GIC may not be the only source of electrical current on and under the ground. After all, the rush of lava and gasses through vents in Earth’s crust would seem to require a lot of things rubbing and colliding. It seems necessary that this would build static charge and cause discharges deep within the earth, even by consensus reasoning.
Even more likely, it’s electrical discharges deep within the Earth that heats the magma, vaporizes rock and causes eruptions in the first place. It’s entirely unknown what the voltage drop is across the layers of crust and mantle to the center of the planet, but given those huge auroral currents at the poles and the puffed up magnetosphere around Earth, one should assume it is rather large.
Pinacate and other volcanic fields display features that the Electric Universe Theory has ascribed to electrical phenomena on other planets and moons in the solar system. Since they appear on this planet too, they need to be interpreted in the context of an Electric Earth.
One look at the Delta-Wye configuration at the bottom of this maar in the image below, and the question — Is Earth Electric? — is, perhaps answered.
In three-phase electrical transmission, delta-wye connections are used to connect an ungrounded system, such as an overhead transmission line, to a grounded system, such as a transformer. The delta configuration is the ungrounded connection of three phases of current, whereas the wye connects the three phases to ground at the center of the wye.
Note the Delta has three tendrils that lead to rim craters.
A geo-botanical feature at the bottom of a volcanic crater imitating electrical circuitry may be an astonishing coincidence. Or not. It may be a physical expression of how sky and ground currents ‘couple’, the same way we couple a transformer to a power line.
Lest we forget the Moon and the physics of electrical scarring, we can look there for hints at how subtle electrical scarring can be. And since this comes from NASA, it’s all the more astonishing.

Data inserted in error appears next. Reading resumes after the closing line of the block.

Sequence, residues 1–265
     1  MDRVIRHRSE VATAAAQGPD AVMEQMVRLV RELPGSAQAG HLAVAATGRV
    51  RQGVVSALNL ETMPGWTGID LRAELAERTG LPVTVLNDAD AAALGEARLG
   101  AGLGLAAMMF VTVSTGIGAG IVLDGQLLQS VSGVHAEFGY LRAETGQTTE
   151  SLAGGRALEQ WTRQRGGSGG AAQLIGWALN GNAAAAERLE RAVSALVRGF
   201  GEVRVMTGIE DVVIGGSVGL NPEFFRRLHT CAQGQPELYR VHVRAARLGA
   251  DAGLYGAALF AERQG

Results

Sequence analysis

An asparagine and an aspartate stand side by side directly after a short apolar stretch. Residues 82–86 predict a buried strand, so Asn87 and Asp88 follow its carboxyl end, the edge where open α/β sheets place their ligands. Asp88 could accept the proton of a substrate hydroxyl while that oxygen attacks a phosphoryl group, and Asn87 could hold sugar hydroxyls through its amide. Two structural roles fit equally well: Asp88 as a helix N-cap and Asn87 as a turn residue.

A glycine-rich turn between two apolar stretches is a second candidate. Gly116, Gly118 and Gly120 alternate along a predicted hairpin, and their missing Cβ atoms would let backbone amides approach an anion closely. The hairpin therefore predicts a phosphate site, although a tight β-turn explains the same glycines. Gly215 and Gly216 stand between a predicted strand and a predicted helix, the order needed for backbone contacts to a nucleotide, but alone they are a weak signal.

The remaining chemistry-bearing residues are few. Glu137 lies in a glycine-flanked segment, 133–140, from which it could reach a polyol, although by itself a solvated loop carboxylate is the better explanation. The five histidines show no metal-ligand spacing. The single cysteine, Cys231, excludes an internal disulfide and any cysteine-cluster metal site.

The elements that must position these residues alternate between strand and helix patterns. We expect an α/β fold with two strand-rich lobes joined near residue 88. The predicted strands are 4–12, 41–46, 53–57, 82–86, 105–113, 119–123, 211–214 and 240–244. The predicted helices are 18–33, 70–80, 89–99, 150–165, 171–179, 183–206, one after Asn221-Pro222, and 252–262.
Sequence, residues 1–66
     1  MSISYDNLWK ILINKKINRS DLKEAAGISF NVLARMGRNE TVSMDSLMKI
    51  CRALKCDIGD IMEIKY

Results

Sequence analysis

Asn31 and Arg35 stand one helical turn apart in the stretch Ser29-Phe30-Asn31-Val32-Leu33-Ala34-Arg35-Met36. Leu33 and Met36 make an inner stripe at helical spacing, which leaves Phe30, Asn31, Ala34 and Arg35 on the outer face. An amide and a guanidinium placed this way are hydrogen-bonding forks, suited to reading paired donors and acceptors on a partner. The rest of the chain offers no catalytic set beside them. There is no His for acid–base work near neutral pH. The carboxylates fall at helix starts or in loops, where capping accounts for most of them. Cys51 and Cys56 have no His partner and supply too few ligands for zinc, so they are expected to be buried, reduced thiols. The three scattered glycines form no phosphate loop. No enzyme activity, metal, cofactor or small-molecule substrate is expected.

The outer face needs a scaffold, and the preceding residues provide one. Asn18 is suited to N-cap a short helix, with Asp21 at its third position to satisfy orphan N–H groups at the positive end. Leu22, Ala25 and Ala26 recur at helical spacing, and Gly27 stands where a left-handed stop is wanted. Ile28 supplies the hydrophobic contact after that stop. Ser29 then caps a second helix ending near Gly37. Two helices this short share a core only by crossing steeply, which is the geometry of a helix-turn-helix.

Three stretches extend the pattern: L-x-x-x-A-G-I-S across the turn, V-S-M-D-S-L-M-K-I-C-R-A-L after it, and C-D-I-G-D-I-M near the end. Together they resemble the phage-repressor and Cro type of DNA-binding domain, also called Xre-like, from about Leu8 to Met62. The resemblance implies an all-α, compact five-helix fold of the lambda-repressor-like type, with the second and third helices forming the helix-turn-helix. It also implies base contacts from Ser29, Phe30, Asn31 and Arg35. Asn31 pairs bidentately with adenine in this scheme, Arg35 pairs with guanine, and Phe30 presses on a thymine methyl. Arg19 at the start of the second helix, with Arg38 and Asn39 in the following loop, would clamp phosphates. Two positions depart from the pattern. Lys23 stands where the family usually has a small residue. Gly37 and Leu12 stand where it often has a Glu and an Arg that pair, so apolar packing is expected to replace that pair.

Deep craters at the polar regions of the moon never see sunlight. Within these eternally dark and frozen craters, cosmic rays are bombing the surface, creating a double layer of opposite charge, because it is theorized, electrons penetrate to the subsurface, while positive ions hit and collect at the surface — it’s always the collision thing.
The double layer discharges tiny sparks that vaporize dust, launching it up to float in a thin atmosphere above the surface. This dust atmosphere was first noticed by the Apollo crews and remained a mystery for decades.
Bonus – More Lunar Features at Pinacate
There is more evidence of electrical influences in the Pinacate volcanic field and the surrounding Altar desert than rim craters on the maars. Some maars that don’t have rim craters appear as doublets, or multiple craters with consistent floor depths. These too, are features similar to the unusual shapes seen on the Moon and Mars.
A “tuff ring” is the volcanic rim surrounding a maar crater. The tuff ring forms as hot ejected tephra fall back to Earth and lithify into a ring of welded tuff. They are typically low relief, with a gentle slope of fewer than ten degrees on the outside. Several tuff rings in Pinacate are exposed, but the crater that formed them is buried.
The next four images show, in order:
- Concentric tuff ring inside a tuff ring, with rim feature at three o’clock;
- Concentric tuff ring inside a tuff ring, with rim feature at nine o’clock;
- Tuff ring with a rim crater at five-o’clock and an east-to-west crater chain at twelve o’clock;
- Polygonal tuff ring doublet,
Chains of raised tuff, craters, and cinder cones:
Streams to Nowhere
Unusual ‘erosion’ patterns seem to begin and end without reason. These stark patterns of apparent erosion cross playa that are dead flat — not one foot of elevation change is evident. They appear to be lined with black rock.
Fractal patterns appear everywhere across the Pinacate, from lightning bolt rilles to feathery ash and tuff deposits.
Additional Resources by Andrew Hall:
YouTube Playlists through 4-2022:
Andrew Hall is an engineer and writer, who spent thirty years in the energy industry. He was a speaker at the EU2016 conference and can be reached at firstname.lastname@example.org or https://andrewdhall.wordpress.com/
Disclosure: The proposed theory of arc flash and arc blast and their effects on the landscape are the sole ideas of the author, as a result of observation, experience in shock and hydrodynamic effects, and deductive reasoning. Dr. Mark Boslough’s simulation of an air burst meteor provided significant insight into the mechanism of a shock wave. His simulation can be viewed on YouTube: Mark Boslough. The author makes no claims that this method is the only way mountains or other geological features are created.
The ideas expressed in Thunderblogs do not necessarily express the views of T-Bolts Group Inc or The Thunderbolts ProjectTM.